About Sedona

Cathedral Rock - SedonaBetween the bustling desert city of Phoenix, Arizona and the wondrous Grand Canyon lies a not-so-hidden jewel called Sedona. Ancient red rocks, a temperate climate, and an inviting small-town feel characterize the city, which has a population just over 10,000. Accordingly, thousands visitors from around the U.S. and the globe flock here each year.

The history of Sedona includes a broad cast of characters. There’s evidence that around 3000 B.C., nomads wandered the region in search of food, but the first true civilization didn’t pop up until circa 1200 B.C. with the Ancient Pueblo Peoples, the Anasazi. Nearby, their counterparts, the Sinagua, built cliff dwellings that remain to this day and can be explored. And after their mysterious disappearance, the Apache and Yavapai emerged, inhabiting the region until the U.S. Army took control of the region in the late 19th century.

Today, Sedona lives in the wake of this mixed heritage, with both Native American and European American elements permeating the city culture. With breathtaking natural attractions and plenty of historical landmarks to explore, it makes for a great diversion from the normal daily routine.

Come to Sedona, and you’re bound to see one of the most amazing parts of the country. Though it is famous primarily for its sky-high red rocks and mystical vortexes, Sedona is much, much more. It boasts some of the Southwest’s richest history, best weather, and most unique shopping opportunities, as well as an array of outdoor attractions that will keep you coming back for more.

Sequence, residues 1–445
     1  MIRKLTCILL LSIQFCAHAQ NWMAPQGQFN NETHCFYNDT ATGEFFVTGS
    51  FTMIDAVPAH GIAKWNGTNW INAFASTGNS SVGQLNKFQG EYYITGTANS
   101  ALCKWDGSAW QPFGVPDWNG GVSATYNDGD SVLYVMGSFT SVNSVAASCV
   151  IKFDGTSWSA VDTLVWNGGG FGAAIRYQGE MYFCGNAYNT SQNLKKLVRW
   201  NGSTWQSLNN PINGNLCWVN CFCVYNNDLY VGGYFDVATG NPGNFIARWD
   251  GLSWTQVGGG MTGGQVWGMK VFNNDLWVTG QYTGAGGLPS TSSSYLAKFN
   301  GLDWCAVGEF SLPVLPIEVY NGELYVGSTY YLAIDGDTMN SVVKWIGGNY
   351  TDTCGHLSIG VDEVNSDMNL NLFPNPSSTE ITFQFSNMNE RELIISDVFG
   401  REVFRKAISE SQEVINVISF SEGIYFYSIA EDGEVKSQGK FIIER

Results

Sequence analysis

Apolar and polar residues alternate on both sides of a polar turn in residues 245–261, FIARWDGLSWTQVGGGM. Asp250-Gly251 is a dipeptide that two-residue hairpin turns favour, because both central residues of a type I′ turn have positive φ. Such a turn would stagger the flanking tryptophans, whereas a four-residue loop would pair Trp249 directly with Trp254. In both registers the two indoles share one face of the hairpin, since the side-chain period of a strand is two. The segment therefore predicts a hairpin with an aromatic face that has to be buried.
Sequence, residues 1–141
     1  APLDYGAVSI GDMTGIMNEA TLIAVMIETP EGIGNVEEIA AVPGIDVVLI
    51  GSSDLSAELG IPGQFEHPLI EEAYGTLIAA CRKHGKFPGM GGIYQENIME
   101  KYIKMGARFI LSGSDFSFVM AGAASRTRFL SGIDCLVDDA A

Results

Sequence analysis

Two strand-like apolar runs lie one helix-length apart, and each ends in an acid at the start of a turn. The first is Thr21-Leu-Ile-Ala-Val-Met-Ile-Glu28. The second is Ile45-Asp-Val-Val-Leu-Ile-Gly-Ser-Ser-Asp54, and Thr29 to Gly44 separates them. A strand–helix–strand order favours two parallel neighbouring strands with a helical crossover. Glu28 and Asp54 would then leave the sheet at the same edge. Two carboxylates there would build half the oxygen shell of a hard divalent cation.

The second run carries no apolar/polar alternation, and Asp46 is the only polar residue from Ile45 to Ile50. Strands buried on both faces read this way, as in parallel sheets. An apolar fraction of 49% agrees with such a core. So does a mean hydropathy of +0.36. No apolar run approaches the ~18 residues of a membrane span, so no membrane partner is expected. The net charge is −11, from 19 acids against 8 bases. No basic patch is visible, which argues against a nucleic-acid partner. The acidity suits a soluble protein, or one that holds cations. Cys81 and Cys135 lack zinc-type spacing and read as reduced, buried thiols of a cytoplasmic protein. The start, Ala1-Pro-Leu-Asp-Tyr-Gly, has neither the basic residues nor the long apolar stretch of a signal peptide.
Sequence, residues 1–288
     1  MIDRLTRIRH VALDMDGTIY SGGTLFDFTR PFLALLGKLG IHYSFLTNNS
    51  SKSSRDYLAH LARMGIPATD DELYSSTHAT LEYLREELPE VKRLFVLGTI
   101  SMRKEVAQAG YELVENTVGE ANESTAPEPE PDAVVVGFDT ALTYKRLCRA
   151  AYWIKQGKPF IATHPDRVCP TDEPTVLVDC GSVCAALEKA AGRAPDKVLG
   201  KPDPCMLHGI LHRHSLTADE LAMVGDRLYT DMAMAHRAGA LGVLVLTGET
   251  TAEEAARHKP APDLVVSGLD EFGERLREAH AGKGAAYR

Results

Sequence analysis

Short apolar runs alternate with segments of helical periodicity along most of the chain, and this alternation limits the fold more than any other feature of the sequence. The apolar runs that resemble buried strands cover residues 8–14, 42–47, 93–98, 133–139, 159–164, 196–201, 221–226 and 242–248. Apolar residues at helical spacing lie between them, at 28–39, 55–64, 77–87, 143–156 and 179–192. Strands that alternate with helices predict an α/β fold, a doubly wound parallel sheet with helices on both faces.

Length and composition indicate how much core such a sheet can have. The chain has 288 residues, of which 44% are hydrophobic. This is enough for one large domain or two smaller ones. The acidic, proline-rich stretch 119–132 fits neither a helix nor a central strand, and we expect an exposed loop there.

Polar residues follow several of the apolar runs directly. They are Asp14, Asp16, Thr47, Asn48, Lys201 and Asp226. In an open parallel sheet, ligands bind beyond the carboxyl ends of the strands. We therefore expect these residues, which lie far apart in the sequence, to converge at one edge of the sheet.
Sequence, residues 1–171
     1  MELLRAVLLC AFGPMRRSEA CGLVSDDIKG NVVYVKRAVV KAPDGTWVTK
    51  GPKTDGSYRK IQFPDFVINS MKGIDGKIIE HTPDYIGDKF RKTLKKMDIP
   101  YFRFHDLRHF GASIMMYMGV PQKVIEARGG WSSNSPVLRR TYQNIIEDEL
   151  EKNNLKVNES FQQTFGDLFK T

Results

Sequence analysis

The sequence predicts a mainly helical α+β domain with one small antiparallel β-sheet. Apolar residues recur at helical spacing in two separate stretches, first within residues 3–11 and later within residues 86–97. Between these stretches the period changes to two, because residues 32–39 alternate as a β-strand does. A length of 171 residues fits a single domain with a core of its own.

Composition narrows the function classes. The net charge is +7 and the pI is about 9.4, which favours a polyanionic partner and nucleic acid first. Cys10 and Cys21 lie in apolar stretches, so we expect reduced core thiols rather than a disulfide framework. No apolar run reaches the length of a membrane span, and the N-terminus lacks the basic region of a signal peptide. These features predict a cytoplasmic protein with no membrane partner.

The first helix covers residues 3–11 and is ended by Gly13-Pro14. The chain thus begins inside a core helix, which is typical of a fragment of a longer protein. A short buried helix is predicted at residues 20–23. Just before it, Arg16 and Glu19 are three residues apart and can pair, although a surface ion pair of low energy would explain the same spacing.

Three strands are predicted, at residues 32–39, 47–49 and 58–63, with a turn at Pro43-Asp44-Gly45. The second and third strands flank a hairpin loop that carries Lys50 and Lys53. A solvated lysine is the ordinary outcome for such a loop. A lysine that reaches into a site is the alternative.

Located in the northern Verde Valley, Sedona takes her name from Mrs. Sedona Schnebly, the wife of the city’s first postmaster. But even though the city was technically founded in 1902, its history runs much, much deeper. Hunter-gatherers dubbed “Paleo-Indians” populated the area from 9,000 B.C. until about 300 A.D. A few hundred years later, the Sinagua (literally, “without water”) followed them into the region and left a lasting impact. During your trip to Sedona, you can head just outside of the city to walk in the steps of these ancient peoples with trips to the surprisingly advanced cliff dwellings they built and left behind. The most famous are located at Montezuma Well, but you can find others at Honanki, Palatki, and Tuzigoot.

Sedona’s European history began afterward in 1583, when Spanish explorers led by Antonio de Espejo arrived in their search for gold and silver. But it really wasn’t until the 19th century that the area was first settled—this time by American homesteader John J. Thompson, who in 1876 moved into Oak Creek Canyon, where he began an orchard business. If you go to Oak Creek Canyon today, however, you probably won’t be there to find orchards; indeed, they’ve been converted into the famous Slide Rock State Park. There, you can ride a natural 30-ft. water slide while soaking up the sights and sounds around you. Its 65-degree waters are as invigorating as they are fresh!

In fact, if you come to Sedona, you’re going to want to spend a lot of time outside. Why is that? Because the region features some of the very best weather in the Southwest. In spite of its desert locale, Sedona manages to stay relatively cool in the summers thanks to its northern latitude; unlike Phoenix to the south, Sedona rarely breaks 100 degrees Fahrenheit. And during the winters, the city is temperate, with average highs in the mid-50’s. That makes it the perfect place to go exploring, whether by four-wheeler or foot, on a bike or on horseback.